Friday, she couldn’t swallow, and by Saturday was unresponsive. Judy raced home to Cheyenne from Tucson (thank God there’s still such a thing as “flying standby”), and was holding mother’s hand about 8:15 p.m. Judy told her we loved her and that it was OK to let go and be with Dad. And she was gone.

Joan and Peter and I were en-route (driving) when we heard the news; we were all together again in Cheyenne by Sunday afternoon after Joan made the trip from near Portland in record time.

Since then, we have been overwhelmed with all the love and care from so many friends and family members, due in no small part to cell phones, FaceBook, and the Internet. Oh, and we have plentyof food on hand too, from Cheyenne folks…  

Until we’re able to express our appreciation in person, please know that this means SO much to us!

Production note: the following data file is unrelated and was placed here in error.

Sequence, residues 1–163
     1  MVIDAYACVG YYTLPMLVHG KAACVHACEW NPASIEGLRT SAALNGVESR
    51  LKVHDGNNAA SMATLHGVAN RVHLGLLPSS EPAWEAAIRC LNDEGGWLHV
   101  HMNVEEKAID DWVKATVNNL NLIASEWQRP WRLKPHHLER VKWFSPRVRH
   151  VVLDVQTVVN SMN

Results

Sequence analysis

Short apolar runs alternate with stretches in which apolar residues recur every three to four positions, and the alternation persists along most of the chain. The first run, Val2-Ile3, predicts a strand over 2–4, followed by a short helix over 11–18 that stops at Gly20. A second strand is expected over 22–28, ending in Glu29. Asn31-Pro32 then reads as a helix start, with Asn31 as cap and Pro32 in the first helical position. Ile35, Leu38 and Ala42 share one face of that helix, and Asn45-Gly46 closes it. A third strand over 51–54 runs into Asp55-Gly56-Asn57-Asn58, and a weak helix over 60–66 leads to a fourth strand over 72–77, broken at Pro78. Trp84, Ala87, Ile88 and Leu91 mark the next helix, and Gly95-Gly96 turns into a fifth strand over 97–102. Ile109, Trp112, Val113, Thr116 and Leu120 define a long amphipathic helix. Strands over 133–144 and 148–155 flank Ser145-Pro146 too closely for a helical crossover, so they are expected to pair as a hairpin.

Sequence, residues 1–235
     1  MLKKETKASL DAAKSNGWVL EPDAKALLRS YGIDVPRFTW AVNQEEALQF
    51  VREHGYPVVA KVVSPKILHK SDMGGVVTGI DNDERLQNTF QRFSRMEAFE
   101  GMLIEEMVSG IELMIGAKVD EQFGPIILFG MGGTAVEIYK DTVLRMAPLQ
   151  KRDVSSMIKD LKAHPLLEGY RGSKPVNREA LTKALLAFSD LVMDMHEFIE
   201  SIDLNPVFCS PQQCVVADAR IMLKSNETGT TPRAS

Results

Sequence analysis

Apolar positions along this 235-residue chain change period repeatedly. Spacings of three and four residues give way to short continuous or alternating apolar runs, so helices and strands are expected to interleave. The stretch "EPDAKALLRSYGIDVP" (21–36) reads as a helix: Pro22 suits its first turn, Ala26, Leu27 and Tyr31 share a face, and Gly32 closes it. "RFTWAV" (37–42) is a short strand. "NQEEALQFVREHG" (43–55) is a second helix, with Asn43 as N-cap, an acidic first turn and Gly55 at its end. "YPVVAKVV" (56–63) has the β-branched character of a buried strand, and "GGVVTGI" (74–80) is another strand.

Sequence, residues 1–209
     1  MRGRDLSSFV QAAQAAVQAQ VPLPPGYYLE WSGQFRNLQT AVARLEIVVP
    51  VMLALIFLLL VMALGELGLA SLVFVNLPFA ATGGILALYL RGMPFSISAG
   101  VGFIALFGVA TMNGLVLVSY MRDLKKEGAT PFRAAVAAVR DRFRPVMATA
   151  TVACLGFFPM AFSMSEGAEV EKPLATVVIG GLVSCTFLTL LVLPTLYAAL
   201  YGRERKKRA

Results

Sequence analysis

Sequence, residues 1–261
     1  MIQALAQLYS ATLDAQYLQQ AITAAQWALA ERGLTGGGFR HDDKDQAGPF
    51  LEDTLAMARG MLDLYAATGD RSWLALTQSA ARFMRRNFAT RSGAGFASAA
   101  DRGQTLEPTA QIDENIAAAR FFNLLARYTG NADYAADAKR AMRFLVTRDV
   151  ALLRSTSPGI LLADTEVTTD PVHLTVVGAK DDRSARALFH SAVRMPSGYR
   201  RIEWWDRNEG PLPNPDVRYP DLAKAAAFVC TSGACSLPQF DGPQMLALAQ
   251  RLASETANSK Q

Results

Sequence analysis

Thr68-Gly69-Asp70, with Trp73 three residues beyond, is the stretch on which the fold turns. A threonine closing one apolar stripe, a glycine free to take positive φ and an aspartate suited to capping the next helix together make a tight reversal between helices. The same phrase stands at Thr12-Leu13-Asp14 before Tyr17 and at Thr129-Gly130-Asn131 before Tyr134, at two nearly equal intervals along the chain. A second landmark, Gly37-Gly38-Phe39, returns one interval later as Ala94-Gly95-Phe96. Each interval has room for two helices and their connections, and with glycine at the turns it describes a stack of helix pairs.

Everything’s in place, and everyone has been wonderful here. The Rosary is tonight, funeral Mass tomorrow, with interment next to my dad at Olivet Cemetery a half-mile from the first house they bought here in Cheyenne.

We only wish the weather was co-operating. We’re in a whiteout here right now — with seven inches of snow expected tonight; we’re hoping two cousins on their way from Kansas can make it. We know many would have liked to come and are here in spirit (and they all better not fret, as Eileen would have been the first to understand!)

I’m thankful I’d posted that little tribute BEFORE all this happened, so many of you had a chance to “know” her at least a little bit.